How to Write a Good Paper

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Much of your work as a college student consists of writing papers. Sometimes writing a good paper can seem impossible. You might ask questions like “How do I start?” or “What do I write about?” When you first get to college, you might not know what you’re expected to write for college as opposed to high school. First off, take a deep breath and relax. It’s not as difficult as it seems. If you start early, take it slow, and get help you can write a great paper. Here are a few pointers to help you figure out how to write a good paper.

When you are assigned a paper, your professor will usually provide you with a sheet that details the requirements for the paper. This will be your most helpful tool in writing. Read and understand exactly what it is that the professor wants you to write. If the assignment is to write a character analysis, don’t write a book review. If you’re asked to do a research paper, don’t write an opinion paper. If you’re uncertain about what kind of paper you’re supposed to write, ask the professor in class or during his or her office hours to explain it in more detail. Understanding the assignment details will help you to create a strong and effective thesis.

One of the most important parts of paper-writing is developing a strong thesis. A good thesis is composed of two parts: what you’re trying to prove and why you say it’s true. For example, “Writing papers is an effective teaching tool for college students because it causes them to develop critical-thinking and communicational skills.” This thesis statement says what I’m proving (writing is good for students), and why it’s true (because it develops skills). Now in my paper I would give details and examples explaining how writing develops critical-thinking and communicational skills.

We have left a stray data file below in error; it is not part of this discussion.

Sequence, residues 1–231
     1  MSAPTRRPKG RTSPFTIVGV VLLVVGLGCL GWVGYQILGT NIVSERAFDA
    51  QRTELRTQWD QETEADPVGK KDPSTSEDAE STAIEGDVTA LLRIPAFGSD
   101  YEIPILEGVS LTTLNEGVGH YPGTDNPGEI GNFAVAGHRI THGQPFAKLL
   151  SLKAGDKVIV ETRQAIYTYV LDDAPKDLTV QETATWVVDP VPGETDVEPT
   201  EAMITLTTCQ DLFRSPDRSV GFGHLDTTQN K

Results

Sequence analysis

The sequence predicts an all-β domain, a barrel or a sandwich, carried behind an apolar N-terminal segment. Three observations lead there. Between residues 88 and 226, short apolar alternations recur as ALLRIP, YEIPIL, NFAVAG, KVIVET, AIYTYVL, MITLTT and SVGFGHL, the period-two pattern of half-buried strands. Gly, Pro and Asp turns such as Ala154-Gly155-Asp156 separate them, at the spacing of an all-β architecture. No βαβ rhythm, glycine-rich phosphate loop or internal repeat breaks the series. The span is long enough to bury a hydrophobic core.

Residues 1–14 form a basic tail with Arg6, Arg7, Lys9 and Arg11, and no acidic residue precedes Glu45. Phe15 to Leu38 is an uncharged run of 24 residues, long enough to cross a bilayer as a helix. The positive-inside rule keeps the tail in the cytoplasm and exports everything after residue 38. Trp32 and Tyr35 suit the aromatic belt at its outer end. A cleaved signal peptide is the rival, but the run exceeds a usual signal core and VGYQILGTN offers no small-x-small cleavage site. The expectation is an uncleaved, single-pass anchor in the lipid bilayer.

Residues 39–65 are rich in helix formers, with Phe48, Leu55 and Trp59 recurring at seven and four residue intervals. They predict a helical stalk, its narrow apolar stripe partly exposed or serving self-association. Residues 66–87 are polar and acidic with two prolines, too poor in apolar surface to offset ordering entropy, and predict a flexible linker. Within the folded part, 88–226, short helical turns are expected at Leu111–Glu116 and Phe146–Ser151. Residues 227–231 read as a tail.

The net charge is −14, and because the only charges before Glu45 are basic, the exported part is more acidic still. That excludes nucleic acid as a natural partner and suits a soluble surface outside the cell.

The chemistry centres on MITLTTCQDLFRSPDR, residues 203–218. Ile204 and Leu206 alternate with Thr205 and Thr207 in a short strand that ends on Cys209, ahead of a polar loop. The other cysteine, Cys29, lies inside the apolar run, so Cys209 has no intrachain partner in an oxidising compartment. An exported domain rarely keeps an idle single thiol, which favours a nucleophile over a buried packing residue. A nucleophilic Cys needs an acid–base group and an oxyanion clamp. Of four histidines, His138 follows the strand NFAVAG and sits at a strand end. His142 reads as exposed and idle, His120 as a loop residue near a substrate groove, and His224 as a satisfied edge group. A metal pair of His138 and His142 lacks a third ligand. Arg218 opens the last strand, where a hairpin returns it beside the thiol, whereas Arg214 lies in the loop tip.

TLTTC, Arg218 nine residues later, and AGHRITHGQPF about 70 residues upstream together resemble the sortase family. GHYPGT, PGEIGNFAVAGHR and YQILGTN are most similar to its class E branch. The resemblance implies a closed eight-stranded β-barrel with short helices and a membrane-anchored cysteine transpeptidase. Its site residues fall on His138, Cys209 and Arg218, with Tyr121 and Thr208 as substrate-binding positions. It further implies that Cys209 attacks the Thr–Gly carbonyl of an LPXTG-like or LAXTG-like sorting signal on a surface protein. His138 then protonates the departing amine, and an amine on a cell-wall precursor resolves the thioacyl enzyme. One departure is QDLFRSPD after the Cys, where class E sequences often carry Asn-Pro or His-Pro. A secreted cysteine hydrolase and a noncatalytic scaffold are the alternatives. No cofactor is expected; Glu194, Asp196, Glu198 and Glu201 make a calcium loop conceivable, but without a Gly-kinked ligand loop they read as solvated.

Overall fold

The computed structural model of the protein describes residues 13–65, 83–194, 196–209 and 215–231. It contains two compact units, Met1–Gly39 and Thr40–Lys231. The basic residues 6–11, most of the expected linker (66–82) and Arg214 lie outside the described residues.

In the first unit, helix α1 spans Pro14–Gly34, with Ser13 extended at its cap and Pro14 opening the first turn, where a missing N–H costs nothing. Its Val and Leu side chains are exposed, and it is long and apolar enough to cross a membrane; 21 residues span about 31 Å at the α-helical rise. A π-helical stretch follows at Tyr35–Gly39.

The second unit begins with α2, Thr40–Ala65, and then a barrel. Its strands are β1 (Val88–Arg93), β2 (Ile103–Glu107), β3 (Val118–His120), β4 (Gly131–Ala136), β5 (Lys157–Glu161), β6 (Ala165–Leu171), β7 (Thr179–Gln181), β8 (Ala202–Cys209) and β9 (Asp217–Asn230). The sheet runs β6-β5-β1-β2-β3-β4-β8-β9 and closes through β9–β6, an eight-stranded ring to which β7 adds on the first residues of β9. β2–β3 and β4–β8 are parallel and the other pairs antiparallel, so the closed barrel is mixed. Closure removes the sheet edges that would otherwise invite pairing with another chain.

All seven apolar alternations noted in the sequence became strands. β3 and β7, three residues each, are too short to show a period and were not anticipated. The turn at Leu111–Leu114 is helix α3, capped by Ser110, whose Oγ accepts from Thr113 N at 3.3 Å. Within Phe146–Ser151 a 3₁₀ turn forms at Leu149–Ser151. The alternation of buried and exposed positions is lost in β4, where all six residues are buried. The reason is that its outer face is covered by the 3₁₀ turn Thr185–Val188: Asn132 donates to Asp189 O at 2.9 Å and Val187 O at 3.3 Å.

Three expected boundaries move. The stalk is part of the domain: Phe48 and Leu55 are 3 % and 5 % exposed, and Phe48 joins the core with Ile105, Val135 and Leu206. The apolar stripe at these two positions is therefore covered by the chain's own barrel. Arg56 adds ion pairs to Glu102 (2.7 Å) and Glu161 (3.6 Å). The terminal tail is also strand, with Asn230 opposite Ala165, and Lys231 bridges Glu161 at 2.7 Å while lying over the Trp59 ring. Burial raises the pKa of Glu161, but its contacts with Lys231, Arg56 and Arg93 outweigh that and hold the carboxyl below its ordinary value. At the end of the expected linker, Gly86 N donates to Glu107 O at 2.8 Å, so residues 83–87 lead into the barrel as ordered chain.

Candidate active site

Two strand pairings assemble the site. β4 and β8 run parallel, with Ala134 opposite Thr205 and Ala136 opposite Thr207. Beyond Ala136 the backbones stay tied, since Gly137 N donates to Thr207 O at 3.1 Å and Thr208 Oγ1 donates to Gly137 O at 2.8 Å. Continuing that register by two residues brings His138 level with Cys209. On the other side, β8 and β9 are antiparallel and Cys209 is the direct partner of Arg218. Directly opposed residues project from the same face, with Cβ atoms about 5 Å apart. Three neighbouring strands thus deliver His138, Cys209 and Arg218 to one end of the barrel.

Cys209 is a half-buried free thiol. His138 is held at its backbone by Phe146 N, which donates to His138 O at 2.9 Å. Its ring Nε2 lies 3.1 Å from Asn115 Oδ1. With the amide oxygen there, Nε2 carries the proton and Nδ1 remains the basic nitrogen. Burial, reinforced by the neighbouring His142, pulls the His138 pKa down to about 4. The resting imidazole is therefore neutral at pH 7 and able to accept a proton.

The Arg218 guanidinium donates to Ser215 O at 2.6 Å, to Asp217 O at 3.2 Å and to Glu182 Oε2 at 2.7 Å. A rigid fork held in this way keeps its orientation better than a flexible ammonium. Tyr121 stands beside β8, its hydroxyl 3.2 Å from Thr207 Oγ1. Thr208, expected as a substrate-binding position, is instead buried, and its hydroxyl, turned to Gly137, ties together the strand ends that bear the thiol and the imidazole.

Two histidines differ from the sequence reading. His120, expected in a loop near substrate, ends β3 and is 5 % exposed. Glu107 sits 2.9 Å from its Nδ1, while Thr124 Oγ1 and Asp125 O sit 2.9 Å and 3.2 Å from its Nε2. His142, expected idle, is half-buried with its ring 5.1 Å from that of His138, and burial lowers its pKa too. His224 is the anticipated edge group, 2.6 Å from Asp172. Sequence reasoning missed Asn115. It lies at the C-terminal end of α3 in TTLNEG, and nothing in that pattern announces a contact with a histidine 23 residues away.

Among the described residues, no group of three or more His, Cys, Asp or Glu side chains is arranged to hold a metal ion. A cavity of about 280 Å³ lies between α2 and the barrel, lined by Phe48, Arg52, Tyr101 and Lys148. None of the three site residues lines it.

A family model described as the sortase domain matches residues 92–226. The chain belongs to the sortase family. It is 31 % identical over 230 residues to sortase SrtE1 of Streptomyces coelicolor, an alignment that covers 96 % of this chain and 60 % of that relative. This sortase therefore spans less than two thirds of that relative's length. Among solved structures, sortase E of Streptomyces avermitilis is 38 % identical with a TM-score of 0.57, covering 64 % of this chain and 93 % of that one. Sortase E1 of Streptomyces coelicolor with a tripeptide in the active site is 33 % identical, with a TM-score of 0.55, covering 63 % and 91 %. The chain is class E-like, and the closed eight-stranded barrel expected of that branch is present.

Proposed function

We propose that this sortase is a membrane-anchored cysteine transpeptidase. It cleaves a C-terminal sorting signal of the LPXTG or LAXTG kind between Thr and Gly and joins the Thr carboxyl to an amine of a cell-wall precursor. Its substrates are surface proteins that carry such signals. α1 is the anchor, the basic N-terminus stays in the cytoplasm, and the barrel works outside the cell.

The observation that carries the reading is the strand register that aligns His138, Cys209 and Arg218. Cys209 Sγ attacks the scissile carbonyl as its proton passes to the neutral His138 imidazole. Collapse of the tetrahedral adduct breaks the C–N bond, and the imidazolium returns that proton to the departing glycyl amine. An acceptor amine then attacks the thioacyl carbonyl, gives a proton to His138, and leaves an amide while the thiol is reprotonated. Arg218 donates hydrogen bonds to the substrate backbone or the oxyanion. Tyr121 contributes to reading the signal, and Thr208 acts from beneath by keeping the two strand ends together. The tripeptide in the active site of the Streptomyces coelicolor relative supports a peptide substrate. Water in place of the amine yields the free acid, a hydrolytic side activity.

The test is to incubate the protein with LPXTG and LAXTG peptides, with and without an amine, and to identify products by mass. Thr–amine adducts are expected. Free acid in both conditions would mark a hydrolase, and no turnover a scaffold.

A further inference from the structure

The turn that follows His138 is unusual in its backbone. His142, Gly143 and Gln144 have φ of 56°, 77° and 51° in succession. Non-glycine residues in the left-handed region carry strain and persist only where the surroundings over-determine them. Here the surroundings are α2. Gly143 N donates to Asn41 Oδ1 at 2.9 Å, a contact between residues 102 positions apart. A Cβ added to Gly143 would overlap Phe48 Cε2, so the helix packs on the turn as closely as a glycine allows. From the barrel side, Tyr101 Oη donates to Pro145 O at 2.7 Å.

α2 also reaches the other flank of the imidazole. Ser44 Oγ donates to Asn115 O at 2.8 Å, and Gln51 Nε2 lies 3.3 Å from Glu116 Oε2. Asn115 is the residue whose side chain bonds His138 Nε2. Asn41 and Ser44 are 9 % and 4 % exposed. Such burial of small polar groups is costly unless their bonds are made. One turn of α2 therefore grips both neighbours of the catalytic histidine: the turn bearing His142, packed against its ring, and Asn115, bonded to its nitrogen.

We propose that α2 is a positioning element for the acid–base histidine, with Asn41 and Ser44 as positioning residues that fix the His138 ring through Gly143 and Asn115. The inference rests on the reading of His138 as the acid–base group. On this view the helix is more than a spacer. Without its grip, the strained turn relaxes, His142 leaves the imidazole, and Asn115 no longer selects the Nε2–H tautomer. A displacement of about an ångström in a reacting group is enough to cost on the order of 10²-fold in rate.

Supporting your thesis with details and examples is another important part of writing a good paper. You need to be able to back up everything you say with evidence; don’t make any claims that you can’t support. Any information, facts, statistics, example, or any other kind of evidence you bring into your paper should relate directly to your thesis. Filling your writing with “fluff” that isn’t helping to prove your point will make your paper weaker.

These are just a few rules that will help you focus, give you direction, and make writing easier. There is much more to learn about writing than I can write here, but there are plenty of people; professors, tutors, Writing Center Consultants, and more; that would love to teach you as much as you’re willing to learn about writing. When you’re given a paper to write, don’t panic. Start with these simple rules and you will be on your way to writing a good paper.

Pierce VanDunk

About Pierce VanDunk

I'm a Junior at Nyack College studying Bible and Theology. I love Jesus, which is why I want to be a Bible professor; my goal is to learn as much as I can about Him and teach others what I learn. My favorite teams are the Mets, Celtics, and Cowboys (don't hate me New Yorkers!). I also enjoy playing guitar and reading. Connect with Pierce on Google+
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